1. ## Unknown Coordinates

Well, I have a problem, We're given 3 points(sorry if i've defined/called it wrong) which is A B and C, which also has each a coordinates, but the problem is, only A and B has, C doesn't have any, and we're tasked to find it, but I don't know the formula in finding it, so I can't proceed in measuring the distance between AC and BC, only AB.

Here:

A(-1, 2)
B(4,2)
C(?,?)

Could someone please tell me how to find the C coordinates?

NOTE: My professor said it is an equilateral triangle when we're going to measure it.

2. Originally Posted by dissidia
Well, I have a problem, We're given 3 points(sorry if i've defined/called it wrong) which is A B and C, which also has each a coordinates, but the problem is, only A and B has, C doesn't have any, and we're tasked to find it, but I don't know the formula in finding it, so I can't proceed in measuring the distance between AC and BC, only AB.

Here:

A(-1, 2)
B(4,2)
C(?,?)

Could someone please tell me how to find the C coordinates?

NOTE: My professor said it is an equilateral triangle when we're going to measure it.
The information that the triangle is equilateral is very important here.
We know that the distance from point A to point B (which is a side of a triangle here) can be calculated using the following formula:

AB = sqrt( (x2-x1)² + (y2-y1)² )

By applying the formula we can calculate the distance between points A(-1,2) and B(4,2)

AB = sqrt ( (-1-4))² + (2-2)² ) = sqrt(25+0) = 5

Since the triangle ABC is equilateral, we know that AB = BC = AC = 5

If we mark the unknown point as C(a,b), we'll get two equations that we can use to determine the coordinates a and b.

Here are a few tips to get you started. I'll be posting the full solution a bit later.

3. Isn't a,b somehow related to points AB? couldn't really get the equations.

4. Okay, to continue from where I left:
The points were A(-1,2), B(4,2) and C(a,b)
We'll get two equations

The length of AC
5 = sqrt( (-1 -a)² + (2-b)² )
The length of BC
5= sqrt( (4-a)² + (2-b)² )

From this, we'll get the equation AC = BC

sqrt( (-1 -a)² + (2-b)² ) = sqrt( (4-a)² + (2-b)² )
(-1 -a)² + (2-b)² = (4-a)² + (2-b)²

We're a bit lucky here that the y-coordinate for both A and B is the same,
so we'll notice that the (2-b)² on both sides will cancel each other out, and
we'll be left with a simple equation to calculate a

(-1 -a)² = (4-a)² <=> 1+2a+a² = 16 -8a + a² <=> 10a = 15 <=> a= 3/2

After we've solved a, you can use either one of the equations AC = 5 or BC = 5 to solve b by replacing a with 3/2.
Let's use BC for example:
5 = sqrt( (4-3/2)² + (2-b)² ) <=> 25 = (5/2)² + (2-b)² <=> 25 = 25/4 + 4 -4b + b² <=> b² - 4b - 59/4 = 0
Solve the equation and you'll get b= 1/2 * (4 ± 5 sqrt(3))

This means that there are actually two possible y-coordinates for point C, which makes sense if you think about it geometrically.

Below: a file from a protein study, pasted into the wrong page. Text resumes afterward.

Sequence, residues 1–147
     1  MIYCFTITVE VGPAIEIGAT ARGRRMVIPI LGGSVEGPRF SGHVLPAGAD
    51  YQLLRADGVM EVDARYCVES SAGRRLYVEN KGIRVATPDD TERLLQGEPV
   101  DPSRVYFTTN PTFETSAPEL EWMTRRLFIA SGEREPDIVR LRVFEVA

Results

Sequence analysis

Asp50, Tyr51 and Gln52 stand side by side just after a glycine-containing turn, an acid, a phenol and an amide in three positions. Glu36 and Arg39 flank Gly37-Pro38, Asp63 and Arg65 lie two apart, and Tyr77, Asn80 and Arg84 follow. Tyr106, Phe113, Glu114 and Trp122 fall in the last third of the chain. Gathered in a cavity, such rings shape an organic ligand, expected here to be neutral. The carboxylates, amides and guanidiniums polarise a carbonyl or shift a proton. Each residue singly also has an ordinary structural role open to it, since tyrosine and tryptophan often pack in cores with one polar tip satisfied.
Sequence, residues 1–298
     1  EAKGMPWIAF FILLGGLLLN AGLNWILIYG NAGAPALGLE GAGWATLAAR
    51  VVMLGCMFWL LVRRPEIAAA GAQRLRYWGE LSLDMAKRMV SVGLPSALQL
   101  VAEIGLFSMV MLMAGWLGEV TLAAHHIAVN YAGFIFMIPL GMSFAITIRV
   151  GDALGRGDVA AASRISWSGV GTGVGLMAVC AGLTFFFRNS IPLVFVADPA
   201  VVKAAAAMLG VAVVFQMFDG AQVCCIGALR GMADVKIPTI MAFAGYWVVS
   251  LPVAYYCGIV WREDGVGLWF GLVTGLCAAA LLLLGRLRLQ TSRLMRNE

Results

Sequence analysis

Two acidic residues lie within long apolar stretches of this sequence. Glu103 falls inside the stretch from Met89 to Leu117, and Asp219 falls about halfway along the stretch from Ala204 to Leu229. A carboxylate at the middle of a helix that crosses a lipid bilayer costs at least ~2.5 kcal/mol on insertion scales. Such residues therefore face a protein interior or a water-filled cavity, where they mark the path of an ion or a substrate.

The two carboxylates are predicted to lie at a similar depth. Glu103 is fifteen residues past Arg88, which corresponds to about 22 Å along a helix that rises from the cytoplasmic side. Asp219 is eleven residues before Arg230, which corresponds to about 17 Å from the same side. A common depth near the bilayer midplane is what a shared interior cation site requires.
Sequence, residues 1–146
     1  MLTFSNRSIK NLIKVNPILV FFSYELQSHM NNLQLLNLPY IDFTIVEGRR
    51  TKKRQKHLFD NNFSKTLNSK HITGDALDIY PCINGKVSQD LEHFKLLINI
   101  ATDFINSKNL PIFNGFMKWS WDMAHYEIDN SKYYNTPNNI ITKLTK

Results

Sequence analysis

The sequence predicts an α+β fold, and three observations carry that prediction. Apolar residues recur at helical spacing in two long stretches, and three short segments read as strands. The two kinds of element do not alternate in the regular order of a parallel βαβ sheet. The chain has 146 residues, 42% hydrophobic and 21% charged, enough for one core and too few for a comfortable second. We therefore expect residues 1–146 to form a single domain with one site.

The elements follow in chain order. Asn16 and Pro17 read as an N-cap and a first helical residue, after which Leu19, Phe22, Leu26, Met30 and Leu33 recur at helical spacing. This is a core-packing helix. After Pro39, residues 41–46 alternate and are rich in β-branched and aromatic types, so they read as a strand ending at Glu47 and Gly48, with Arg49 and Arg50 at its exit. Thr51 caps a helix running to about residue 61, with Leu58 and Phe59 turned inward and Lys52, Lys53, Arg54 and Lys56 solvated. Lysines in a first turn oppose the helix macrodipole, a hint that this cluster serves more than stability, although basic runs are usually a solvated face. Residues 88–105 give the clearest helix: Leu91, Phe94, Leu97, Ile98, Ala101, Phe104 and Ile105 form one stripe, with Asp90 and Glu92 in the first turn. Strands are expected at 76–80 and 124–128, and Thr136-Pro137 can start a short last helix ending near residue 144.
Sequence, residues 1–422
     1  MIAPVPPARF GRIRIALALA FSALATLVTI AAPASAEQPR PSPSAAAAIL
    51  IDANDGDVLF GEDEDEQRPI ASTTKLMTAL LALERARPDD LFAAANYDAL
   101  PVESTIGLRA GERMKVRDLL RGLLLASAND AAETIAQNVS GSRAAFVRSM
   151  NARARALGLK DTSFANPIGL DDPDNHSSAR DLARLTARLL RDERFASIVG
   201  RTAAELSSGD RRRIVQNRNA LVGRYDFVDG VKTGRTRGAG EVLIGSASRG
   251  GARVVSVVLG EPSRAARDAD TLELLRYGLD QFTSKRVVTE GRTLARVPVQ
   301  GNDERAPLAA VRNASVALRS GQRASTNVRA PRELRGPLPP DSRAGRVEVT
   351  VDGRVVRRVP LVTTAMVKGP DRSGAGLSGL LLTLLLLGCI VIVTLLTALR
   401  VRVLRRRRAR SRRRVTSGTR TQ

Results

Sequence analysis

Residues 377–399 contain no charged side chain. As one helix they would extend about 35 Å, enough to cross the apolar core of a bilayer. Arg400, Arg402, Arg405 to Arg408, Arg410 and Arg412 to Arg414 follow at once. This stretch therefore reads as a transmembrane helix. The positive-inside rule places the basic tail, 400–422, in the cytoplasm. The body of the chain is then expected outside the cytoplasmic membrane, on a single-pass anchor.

I hope this helped!

5. Originally Posted by dissidia
Isn't a,b somehow related to points AB? couldn't really get the equations.
You could really give the x and y coordinates in C(a,b) any names. It doesn't have to be C(a,b), it could be C(x0,y0), C(u,v) or whatever.

The equation to calculate the distance of two points is really just the Pythagoran theorem c² = a² + b².

6. A very brilliant mind of yours, though it took me some minutes to understand what you've wrote. Thanks a lot, this really helps.

7. Just a question bro, how did you manage to get off that b² here(b² - 4b - 59/4 = 0 ) so that you can get the value of b?

8. Originally Posted by dissidia
Just a question bro, how did you manage to get off that b² here(b² - 4b - 59/4 = 0 ) so that you can get the value of b?
Since we have a quadratic equation, the simplest way to solve it is to use the quadratic formula.
The solutions the polynom ax² + bx + c = 0 are

x= ( -b±sqrt(b² - 4ac) ) / 2a

With the equation b² - 4b - 59/4 = 0
a=1 , b=4 and c = 59/4

9. You're cooler than I thought. Thanks again bro.

10. ## unknown coordinates

posted by dissidia

Given two coordinates find the third assuming you meant to say AB is one side of an equilateral triangle.The answers thus far only define the lenght of a side of the triangle .The solution to either question can be derived more simply.If the midpoint of an equalateral is 2.5 the side is 5 and the altitude is 2.5 times radial 3 so the latter dimension is used to get the two new values of y and x is 2.5 in both cases

bjh

11. ## unknown coordinates

Hi isosky
I do not understand your message. I have supplied a method to find the two unknown coordinates Tell me how i can help you to understand this.Remember that the question is to supply the missing coordinates.

bjh